“Parental power, the early court decisions indicate, is essentially plenary. This means it should prevail over the claims of the state, other outsiders, and the children themselves ‘unless there is some compelling justification for interference.'”

It is important to note that the erosion of parental rights that has occurred in recent decades is strongly related to the decline of Christianity in the USA and in the other Western countries as well. This is reflected in American court decisions:

“The older cases specifically noted that they were relying on Christian principles. However, the modern phobia over the separation of church and state prevents any reference to the Christian principles in terms of them being truth.”

Parental rights were historically based on Christian ideals. As the Christian basis of the West has deteriorated, the foundation for parental rights has weakened as a result.

There is still some support for parental rights in the USA and other countries like Canada. But Whitehead thinks that continuing support is best explained as being part of “the cultural memory” of the past “when the Christian idea that children are gifts from God was an assumed principle.”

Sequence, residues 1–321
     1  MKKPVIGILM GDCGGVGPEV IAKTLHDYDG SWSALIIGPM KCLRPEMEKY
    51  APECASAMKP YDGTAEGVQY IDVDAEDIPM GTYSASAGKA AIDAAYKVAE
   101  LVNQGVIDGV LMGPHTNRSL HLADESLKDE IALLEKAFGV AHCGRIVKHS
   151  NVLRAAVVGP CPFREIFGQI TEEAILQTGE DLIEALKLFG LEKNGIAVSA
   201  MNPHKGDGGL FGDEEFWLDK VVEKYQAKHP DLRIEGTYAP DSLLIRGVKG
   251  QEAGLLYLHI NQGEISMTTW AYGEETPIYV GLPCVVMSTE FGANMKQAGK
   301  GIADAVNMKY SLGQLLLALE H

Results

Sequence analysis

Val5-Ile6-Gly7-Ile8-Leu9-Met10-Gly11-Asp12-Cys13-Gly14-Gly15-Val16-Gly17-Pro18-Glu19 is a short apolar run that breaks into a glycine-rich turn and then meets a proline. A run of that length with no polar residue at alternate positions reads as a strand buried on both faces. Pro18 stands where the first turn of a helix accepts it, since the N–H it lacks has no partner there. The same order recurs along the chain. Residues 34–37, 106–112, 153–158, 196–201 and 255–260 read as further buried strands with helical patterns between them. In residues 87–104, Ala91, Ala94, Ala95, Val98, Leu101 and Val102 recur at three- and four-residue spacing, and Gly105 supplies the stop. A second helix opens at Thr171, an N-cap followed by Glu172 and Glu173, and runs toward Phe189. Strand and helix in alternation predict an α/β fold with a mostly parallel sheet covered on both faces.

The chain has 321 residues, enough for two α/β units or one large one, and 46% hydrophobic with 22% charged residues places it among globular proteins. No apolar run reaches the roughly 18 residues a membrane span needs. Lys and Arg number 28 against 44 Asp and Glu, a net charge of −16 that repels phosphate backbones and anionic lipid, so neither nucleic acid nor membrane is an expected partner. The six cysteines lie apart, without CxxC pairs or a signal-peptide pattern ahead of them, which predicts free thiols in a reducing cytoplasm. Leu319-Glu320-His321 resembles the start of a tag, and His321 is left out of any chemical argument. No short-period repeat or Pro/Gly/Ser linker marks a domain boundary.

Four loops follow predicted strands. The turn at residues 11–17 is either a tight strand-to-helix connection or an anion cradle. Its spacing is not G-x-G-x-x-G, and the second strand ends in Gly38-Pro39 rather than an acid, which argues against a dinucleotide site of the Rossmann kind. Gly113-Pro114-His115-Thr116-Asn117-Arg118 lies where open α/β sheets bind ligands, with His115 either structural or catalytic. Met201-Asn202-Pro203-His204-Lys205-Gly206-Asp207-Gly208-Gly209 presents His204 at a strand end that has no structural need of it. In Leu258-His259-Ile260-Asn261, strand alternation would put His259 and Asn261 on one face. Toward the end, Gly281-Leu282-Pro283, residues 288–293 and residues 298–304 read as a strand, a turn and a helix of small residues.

Conclusion

Whitehead suggests that there are two key commitments Christians must make if they are to secure parental rights. “The first is, of course, the commitment to be good parents.” Parents must raise their children in accordance with God’s loving commands and expectations. In other words, parents must take their responsibilities and obligations seriously if they want their parental rights to be recognized.